The ConsoleViewer is similar to the WebViewer but instead of the web graphical interface, it has a terminal based interface. By default it will stop on each event of the algorithm (new iteration, node expanded, ...), print some information about the event, and wait for your input. You can just press enter to continue to the next event or use any of the several commands available to get information about the execution. You can generate a PNG file with the current search tree, show statistics, and more. These commands are explained on the interactive prompt shown when you run the algorithm using the ConsoleViewer, so they won’t be explained here.
You can also specify some configuration for the ConsoleViewer when creating it. It allows one parameter:
- interactive (boolean, optional, default to True): You can disable all interactions and let the algorithm run until the end.
from simpleai.search import breadth_first from simpleai.search.viewers import ConsoleViewer # class HelloProblem..., my_problem = ... (steps from the previous sections about search problems) my_viewer = ConsoleViewer() result = breadth_first(my_problem, viewer=my_viewer)
This viewer is the base for the other two viewers, and is useful when you just want to run the algorithm and collect statics and logs, without any kind of interaction. It doesn’t have a user interface, and won’t stop until the algorithm has finished.
from simpleai.search import breadth_first from simpleai.search.viewers import BaseViewer # class HelloProblem..., my_problem = ... (steps from the previous sections about search problems) my_viewer = BaseViewer() result = breadth_first(my_problem, viewer=my_viewer)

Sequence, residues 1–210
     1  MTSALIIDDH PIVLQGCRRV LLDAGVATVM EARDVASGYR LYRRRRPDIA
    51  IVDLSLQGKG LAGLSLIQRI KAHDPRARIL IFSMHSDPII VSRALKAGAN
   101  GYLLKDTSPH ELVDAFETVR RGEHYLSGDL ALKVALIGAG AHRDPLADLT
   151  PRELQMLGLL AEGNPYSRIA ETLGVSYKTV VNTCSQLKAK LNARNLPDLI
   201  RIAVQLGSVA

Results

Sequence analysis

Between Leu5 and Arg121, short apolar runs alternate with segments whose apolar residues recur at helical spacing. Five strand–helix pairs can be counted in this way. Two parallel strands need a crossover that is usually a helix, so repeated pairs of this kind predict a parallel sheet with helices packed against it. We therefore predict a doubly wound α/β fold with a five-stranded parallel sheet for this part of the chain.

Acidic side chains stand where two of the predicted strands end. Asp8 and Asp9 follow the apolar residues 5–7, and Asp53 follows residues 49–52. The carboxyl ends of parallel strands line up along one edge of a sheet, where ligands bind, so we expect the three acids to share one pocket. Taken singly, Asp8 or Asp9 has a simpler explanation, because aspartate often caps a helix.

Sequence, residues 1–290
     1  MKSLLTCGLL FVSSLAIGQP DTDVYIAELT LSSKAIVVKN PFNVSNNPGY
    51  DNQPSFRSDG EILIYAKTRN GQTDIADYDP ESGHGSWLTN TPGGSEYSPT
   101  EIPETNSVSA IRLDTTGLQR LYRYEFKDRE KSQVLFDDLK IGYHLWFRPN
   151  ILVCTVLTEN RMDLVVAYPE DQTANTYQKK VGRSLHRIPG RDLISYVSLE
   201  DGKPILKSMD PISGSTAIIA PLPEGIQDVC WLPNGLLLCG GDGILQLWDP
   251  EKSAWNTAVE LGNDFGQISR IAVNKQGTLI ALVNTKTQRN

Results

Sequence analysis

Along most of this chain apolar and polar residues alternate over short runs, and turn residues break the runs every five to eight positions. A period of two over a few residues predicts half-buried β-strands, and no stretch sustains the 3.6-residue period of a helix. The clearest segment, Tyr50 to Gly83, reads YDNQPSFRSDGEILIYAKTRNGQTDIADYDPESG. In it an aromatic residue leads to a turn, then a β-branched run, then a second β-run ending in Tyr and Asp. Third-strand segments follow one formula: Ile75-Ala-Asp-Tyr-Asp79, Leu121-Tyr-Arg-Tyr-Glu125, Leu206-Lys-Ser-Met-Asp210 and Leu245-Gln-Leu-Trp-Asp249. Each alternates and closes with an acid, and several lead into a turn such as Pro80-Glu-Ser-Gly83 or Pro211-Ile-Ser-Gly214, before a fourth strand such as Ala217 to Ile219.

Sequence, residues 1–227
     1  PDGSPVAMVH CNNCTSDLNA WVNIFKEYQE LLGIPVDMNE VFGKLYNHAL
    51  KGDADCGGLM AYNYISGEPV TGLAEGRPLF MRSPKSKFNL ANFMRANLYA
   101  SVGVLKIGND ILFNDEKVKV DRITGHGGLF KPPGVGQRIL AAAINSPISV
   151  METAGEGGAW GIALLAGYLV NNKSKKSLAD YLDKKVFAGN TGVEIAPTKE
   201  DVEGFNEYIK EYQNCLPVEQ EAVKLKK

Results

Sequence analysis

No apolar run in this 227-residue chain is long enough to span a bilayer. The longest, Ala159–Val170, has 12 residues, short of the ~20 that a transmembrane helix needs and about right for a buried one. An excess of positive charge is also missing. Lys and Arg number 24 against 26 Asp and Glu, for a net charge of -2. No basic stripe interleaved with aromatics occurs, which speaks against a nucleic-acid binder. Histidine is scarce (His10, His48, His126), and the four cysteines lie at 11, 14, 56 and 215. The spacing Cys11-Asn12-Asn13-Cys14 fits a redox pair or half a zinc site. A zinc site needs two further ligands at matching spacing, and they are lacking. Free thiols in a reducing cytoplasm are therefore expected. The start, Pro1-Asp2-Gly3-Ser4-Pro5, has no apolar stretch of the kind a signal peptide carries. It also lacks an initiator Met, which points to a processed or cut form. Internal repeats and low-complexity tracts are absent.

Statistics and Logs¶
After running the algorithm, the viewer (Web, Console or Base) will have some interesting statistics and logs, that may be useful to analyze:
- The maximum reached size of the fringe.
- The number of nodes that were visited.
- The number of iterations performed.
- A list of all the events ocurred during the algorithm execution. Each event is a tuple with the following structure: (event_name, event_description).
You can access those statistics and logs as attributes of the viewer instance, after the algorithm finished, like this:
from simpleai.search import breadth_first from simpleai.search.viewers import BaseViewer # class HelloProblem..., my_problem = ... (steps from the previous sections about search problems) my_viewer = BaseViewer() result = breadth_first(my_problem, viewer=my_viewer) print 'Stats:' print my_viewer.stats print 'Events:' print my_viewer.events
Creating your own execution viewer¶
You can also create your own execution viewer, for example if you want to debug certain specific scenarios, or you want to generate extra statistics not included on the current viewers. To do this, you must create a new class inheritting from BaseViewer, and define a single method:
- event: this method receives a name and a list of optional parameters
called params. It doesn’t needs to return anything, but is really
important that you don’t forget to call the original
eventmethod using the
That method will be called each time the algorithm raises an event. The
name parameter will receive the event name, and the
will receive a list of extra objects related to the event. These are the
possible events, and the extra information each one receives on
|started||||Raised every time a new run is made. For single run algorithms, will be just one time. For algorithms with restarts or multiple runs, will be one for each run. Has no extra params.|
|new_iteration||[fringe]||Raised on each new iteration
of the algorithm. The
|chosen_node||[node, is_goal]||Raised each time the
algorithm picks a node from
the fringe to be analyzed.
|expanded||[nodes, successors]||Raised each time a node or group
of nodes must be expanded (their
children are generated and added
to the fringe). The
|finished||[fringe, node, solution_type]||Raised when each run of the
algorithm finishes (the same
logic as the started event).
Also, if you need to include code on the initializer of your class
__init__ method), don’t forget to call the original
__init__ using the
Example of custom viewer:
from simpleai.search.viewers import BaseViewer class MyOwnViewer(BaseViewer): def __init__(self): super(MyOwnViewer, self).__init__() self.stats['iterations_with_lots_of_nodes'] = 0 def event(self, name, *params): super(MyOwnViewer, self).event(name, *params) if name == 'new_iteration': fringe = params if len(fringe) > 100: self.stats['iterations_with_lots_of_nodes'] += 1 print 'Wow! an iteration with more than 100 nodes on the fringe!'